A nation’s success is not measured by the wealth of a few, but by the prosperity of all. At times, the leaders of all Australian political parties have echoed values of ‘mateship’ and ‘a fair go’. These values speak to a culture of inclusion, support and equality. For too many Australians, these values are hope rather than reality. Despite our many national successes, protecting the dignity of every Australian is not among them.
The 2019 Federal Election will provide an opportunity for an incoming government to implement policies that deliver prosperity to all Australians, especially those who continue to be left behind by an economy of exclusion. It is also an opportunity to deliver a Parliament that will use the dignity of all as a measure to hold that government to account.
In the coming weeks, the challenge for every political party is to offer the Australian nation a vision of social and economic inclusion where the inherent dignity and potential of each person can be realised.
Maintaining the inherent dignity of individuals and families must be the bedrock of our social and economic policies and of the highest policy priority for the government.
Catholic Social Services Australia (CSSA) urges citizens to use their vote to create a mandate for politicians who are committed to equitable and just social and economic policies that will improve the lives of the vulnerable and protect the dignity of all Australians.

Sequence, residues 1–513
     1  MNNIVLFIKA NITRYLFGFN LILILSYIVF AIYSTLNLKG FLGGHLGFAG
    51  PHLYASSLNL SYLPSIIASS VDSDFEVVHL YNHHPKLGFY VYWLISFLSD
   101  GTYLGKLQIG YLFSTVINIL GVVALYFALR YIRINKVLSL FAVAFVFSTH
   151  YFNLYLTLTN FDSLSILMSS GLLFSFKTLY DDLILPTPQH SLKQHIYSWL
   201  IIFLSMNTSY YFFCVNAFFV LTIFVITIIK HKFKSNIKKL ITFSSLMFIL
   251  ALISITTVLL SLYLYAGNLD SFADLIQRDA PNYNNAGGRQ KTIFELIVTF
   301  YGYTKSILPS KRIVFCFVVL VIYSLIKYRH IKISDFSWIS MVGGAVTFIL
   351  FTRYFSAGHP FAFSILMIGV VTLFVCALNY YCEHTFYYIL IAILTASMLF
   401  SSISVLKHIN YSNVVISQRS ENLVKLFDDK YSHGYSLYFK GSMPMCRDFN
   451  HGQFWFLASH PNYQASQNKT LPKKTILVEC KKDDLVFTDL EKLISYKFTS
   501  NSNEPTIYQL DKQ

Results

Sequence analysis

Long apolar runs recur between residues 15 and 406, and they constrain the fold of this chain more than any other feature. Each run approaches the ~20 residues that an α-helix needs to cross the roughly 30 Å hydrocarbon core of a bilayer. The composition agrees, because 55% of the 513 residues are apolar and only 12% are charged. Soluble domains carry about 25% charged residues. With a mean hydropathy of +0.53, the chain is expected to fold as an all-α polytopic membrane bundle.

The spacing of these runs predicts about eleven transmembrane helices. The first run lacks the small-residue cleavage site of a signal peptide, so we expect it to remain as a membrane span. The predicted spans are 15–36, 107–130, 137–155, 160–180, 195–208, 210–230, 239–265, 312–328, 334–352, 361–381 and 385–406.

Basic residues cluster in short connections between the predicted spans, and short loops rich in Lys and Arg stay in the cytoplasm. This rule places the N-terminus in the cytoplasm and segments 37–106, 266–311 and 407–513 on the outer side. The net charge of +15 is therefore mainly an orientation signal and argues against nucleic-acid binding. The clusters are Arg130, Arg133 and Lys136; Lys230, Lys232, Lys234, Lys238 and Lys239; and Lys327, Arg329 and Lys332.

CSSA is calling on the Parliament and the incoming government to commit to:
- Providing low-income and vulnerable families access to adequate income and social services when and where they need them;
- A full employment economy through the establishment of a Job Guarantee Program;
- Supporting the empowerment and self-determination of our First Nation peoples by working collaboratively and in genuine, formal partnership with Aboriginal and Torres Strait Islander peoples in progressing constitutional recognition;
- Resettling all remaining refugees on Manus Island and Nauru in Australia; and
- Establishing a Charter for the Common Good to enhance cooperation between government, business and civil society in delivering a more inclusive economy and society.
Readers can access the full statement here